I read ingredients lists. I shopped carefully. I went to health food and whole food and all those other food stores. We ate vegetarian for years, not only as a philosophical decision, but because it was cheaper to feed all those kids vegetarian diets. But that took MORE work. More researching recipes, more learning about combining for complete proteins and (let’s not forget) finding things that were healthy AND the kids would eat them. Five kids means five completely different sets of likes, dislikes, allergies, and general obstinacy.

    I had one son who literally ate nothing but peanut butter sandwiches (on whole wheat bread, no white bread in my house) for more than a year. Whole wheat is more expensive than white bread – also getting freshly ground ‘nothing but peanuts’ peanut butter wasn’t just more expensive, but required a special trip to the organic or whole foods store.

    We have almost no processed sugar in the house (I drink Pepsi a couple of times a week, sue me). We have healthy snacks – dried fruit and nuts. We have many of our meals made entirely from scratch – cheaper and healthier.

    And with all of that? My youngest son is obese.

    And I was a full-time mom for all of my kids lives. We were financially fortunate (I certainly can’t say well off, but…). I am highly intelligent, well educated, know how to cook things from scratch already, willing and able to drive all over the place to find and buy the healthiest food for my kids.

    You know a lot of people without my blessings manage to raise (rear) healthy children even eating at McDonald’s, or buying frozen dinners, but before you get up on your bloody high horse and accuse struggling parents (and it doesn’t matter if you are poor, or a single parent, or disabled, or both parents working full-time – it all adds to the struggle of parenting) of child abuse how about you try walking for one month in their shoes?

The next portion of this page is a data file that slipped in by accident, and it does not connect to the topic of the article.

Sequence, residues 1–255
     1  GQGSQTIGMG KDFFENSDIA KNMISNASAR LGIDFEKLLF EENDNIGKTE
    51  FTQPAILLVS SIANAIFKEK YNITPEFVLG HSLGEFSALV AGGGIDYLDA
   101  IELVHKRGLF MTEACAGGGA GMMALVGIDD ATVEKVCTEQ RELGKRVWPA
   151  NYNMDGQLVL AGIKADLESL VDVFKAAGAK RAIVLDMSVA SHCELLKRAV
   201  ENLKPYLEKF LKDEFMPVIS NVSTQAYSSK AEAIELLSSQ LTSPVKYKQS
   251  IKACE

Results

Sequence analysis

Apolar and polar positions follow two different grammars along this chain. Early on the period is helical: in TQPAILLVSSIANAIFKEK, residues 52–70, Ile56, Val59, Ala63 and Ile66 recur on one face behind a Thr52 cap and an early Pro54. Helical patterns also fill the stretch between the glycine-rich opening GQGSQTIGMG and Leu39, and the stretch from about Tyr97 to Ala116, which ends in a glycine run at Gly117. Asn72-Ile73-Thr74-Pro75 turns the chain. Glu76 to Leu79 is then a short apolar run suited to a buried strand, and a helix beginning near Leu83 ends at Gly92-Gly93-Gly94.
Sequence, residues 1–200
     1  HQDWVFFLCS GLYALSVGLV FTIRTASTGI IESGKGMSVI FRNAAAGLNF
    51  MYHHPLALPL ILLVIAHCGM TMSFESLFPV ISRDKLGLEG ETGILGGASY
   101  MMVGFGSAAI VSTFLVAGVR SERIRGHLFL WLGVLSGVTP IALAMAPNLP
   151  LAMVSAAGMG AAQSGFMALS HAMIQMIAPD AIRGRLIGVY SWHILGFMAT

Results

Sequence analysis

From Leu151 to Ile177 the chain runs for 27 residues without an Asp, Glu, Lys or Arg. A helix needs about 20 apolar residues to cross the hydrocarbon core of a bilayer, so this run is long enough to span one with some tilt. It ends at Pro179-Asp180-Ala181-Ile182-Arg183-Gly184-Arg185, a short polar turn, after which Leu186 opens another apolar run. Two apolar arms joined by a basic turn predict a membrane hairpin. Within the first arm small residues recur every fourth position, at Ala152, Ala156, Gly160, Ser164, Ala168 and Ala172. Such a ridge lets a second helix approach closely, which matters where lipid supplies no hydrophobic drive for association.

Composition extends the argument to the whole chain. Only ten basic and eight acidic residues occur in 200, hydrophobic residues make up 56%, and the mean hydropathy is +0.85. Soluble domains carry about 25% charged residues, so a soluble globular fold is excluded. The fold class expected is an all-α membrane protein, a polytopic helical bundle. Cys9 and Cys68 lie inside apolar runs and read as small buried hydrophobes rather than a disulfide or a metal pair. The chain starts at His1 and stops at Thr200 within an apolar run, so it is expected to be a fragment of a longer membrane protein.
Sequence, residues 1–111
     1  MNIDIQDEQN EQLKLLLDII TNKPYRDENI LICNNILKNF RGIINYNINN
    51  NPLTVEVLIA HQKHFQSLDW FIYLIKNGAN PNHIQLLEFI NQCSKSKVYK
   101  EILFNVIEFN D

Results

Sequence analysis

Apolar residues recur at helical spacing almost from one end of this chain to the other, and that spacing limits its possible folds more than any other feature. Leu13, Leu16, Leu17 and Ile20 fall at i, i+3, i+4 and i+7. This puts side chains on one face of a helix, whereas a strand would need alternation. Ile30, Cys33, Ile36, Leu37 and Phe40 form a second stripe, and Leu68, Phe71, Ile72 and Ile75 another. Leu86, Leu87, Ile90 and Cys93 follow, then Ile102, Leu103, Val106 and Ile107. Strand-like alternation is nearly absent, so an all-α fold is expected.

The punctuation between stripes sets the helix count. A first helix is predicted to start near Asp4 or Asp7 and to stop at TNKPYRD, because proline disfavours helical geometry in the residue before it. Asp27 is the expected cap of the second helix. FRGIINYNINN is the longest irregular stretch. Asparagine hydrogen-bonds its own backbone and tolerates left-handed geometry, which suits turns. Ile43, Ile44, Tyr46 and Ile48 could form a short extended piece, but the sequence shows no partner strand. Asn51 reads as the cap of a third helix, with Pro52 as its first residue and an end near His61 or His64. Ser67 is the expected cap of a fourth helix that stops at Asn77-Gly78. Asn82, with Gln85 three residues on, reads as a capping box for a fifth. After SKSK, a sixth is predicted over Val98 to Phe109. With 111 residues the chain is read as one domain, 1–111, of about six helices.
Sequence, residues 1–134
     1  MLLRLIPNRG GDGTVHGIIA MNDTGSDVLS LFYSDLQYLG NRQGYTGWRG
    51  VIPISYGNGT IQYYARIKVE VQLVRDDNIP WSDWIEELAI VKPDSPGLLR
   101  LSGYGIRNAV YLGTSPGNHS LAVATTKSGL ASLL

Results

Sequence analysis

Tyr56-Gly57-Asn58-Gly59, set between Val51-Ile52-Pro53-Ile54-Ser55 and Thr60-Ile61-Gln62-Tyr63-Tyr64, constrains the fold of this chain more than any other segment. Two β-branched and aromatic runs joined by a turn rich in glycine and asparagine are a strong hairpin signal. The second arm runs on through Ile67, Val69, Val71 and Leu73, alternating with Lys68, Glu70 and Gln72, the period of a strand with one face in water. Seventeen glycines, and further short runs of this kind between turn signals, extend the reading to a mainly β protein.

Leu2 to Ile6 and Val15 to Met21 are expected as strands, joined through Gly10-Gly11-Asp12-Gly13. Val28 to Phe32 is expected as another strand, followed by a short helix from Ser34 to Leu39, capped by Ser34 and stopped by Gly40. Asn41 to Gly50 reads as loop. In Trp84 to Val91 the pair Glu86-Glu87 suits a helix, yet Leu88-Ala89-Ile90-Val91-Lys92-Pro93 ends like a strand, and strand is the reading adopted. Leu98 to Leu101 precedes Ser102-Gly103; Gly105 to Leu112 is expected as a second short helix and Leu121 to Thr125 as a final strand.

I do wish that many of my friends had been able to follow my lead and make the food that their kids ate healthier. I wish that my youngest son had the opportunities that my older kids had of playing outdoors (we now live where the climate makes it inadvisable for better than half the year). I wish that fruit juice didn’t cost four or five times what a bottle of soda pop costs. I wish that it was as easy to get kids to eat carrots as it is to get them to eat french fries.

    Feeding a child a healthy diet takes work and not only physical work. It requires a lot (a LOT) of mental work. Most parents are tired already. Many, many parents simply don’t have the time, the rest, the mental energy to do all of that work.

    I wouldn’t dare to condemn anyone because the best that they could do wasn’t up to some hypothetical standard that makes it criminal (or abuse) to not do the job perfectly. Breaking a kid’s arm is abuse. Refusing to feed a kid to starvation, or having sex with a kid is abuse. Feeding a kid on McDonald’s may not be wise, but please. There are undoubtedly parents who don’t give a hoot about their kid’s welfare, but they are far out-weighed by the many, many parents who are doing the best they can manage in difficult circumstances and in a world that seeks to make the job even harder by creating impossible one-size-fits-all standards and then wanting to criminalize anyone who doesn’t fit those standards.

    1. Hallo melisdvash.